Driving tips from a police driving instructor – Part 4

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In the final part of our four part series on road safety with a police driving instructor, Driver Training Standards manager at South Wales Police, Gareth Morgan tells us how smart tech will change the way we drive

 

 

Plans to introduce driverless, or autonomous, cars in the UK were unveiled by the government in 2016. The consultation outlined reforms to ready the roads for advanced driver assistance and driverless technology as the United Kingdom accelerated their plans towards cars which control themselves.

According to GOV.UK connected vehicles are described as vehicles with advanced levels of automation which use information gathered from on-board sensors to understand the car’s position and environment. This type of technology means minimal driver input is required; in some cases it’s not required at all.

How will driverless cars affect drivers?

Many are unsure about this development, with concerns surrounding the safety of this new technology.

Gareth told us he believes the majority of motorists will be sceptical of these developments initially while others will embrace them immediately.

He said: “When you actually analyse what is happening globally, it’s a natural progression in respect of road safety and efficiency in fuel economy and transport costs. I accept it’s still in its infancy, although many universities in the UK are now actively researching its applications and safety systems.

“Once the technology issues are resolved and the correct infrastructure is in place, it will soon become common place. That being said though, it’s going to be a huge cultural change when intermixing driverless with driven cars.”

Do the police use automated technology?

With regards to the police using the vehicles, he thinks they could benefit, but only once extensive research had been done into the area. He said: “The Police always try to adopt new technology and move with the times, as appropriate. 40 years ago, who would have thought police officers would be using digital notebooks?”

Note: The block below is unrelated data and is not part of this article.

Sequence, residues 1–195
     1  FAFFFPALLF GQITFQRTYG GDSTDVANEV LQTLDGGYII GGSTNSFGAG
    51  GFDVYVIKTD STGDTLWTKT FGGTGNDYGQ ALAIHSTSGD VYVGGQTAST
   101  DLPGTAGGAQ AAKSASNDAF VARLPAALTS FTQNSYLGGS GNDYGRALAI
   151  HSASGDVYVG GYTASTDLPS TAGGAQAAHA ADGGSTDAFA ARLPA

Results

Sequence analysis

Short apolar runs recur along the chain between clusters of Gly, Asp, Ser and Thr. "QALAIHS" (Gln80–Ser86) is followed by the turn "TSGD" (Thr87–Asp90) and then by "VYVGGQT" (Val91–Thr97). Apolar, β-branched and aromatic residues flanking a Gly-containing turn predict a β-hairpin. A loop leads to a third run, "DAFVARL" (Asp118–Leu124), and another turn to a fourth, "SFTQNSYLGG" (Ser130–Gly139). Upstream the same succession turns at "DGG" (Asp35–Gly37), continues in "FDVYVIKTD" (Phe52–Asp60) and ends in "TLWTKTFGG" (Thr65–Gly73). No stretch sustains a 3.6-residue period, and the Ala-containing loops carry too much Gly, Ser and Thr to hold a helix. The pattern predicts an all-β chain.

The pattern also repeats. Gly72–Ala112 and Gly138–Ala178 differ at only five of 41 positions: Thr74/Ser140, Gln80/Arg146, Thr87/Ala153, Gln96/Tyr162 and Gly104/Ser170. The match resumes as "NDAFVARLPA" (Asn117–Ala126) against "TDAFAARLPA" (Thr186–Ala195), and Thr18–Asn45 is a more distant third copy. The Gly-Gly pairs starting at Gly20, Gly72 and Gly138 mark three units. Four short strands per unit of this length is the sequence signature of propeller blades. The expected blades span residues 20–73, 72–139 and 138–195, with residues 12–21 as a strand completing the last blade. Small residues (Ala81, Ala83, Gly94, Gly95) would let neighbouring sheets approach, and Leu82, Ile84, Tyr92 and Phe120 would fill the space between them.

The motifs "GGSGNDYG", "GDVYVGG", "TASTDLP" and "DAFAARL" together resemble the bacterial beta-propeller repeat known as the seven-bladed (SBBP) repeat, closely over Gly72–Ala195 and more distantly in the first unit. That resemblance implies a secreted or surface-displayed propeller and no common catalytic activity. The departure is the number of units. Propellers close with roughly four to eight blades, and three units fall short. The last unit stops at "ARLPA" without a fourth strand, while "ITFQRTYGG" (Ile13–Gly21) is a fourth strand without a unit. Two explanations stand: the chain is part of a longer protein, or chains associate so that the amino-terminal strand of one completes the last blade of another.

However, he knows there’ll be a lot of hurdles to clear before we see fully-automated police cars with the issue of who to prosecute in the event of an accident a big concern.

“The litigation issues are going to be extremely complex. Who do you sue, or who do we prosecute - the manufacturer or the software engineer? We need to prove the guilty party, in this case there isn’t one - other than the computer!”

What technology will make drivers safer?

In terms of technological advances he thinks are already helping, Gareth said the GoPro is really worthwhile as it enables officers to capture data after a collision and anti-social driver behaviour.

The GO SAFE partnership in Wales actively encourages motorists to send the police videos of bad driving behaviour so they can take any necessary action. The Operation SNAP website has all the information you need.

On the subject of black box insurance, he acknowledged the developments in this area have been really positive. He said: “There have been huge developments in data tracking systems in cars, especially those aimed at younger drivers over the past decade. In fact, the research we undertook found it was more than capable of differentiating between differing levels of driver skill, which supports the use of black box or telematics technology.

“Telematics has also been used within the police force, resulting in significant reductions in damage, collisions and fuel usage.”

As with autonomous cars, there’s still some confusion around telematics technology with many people believing the myths surrounding black box insurance. To help clear a few things up we created a mythbuster guide to debunk some of the most common ones.

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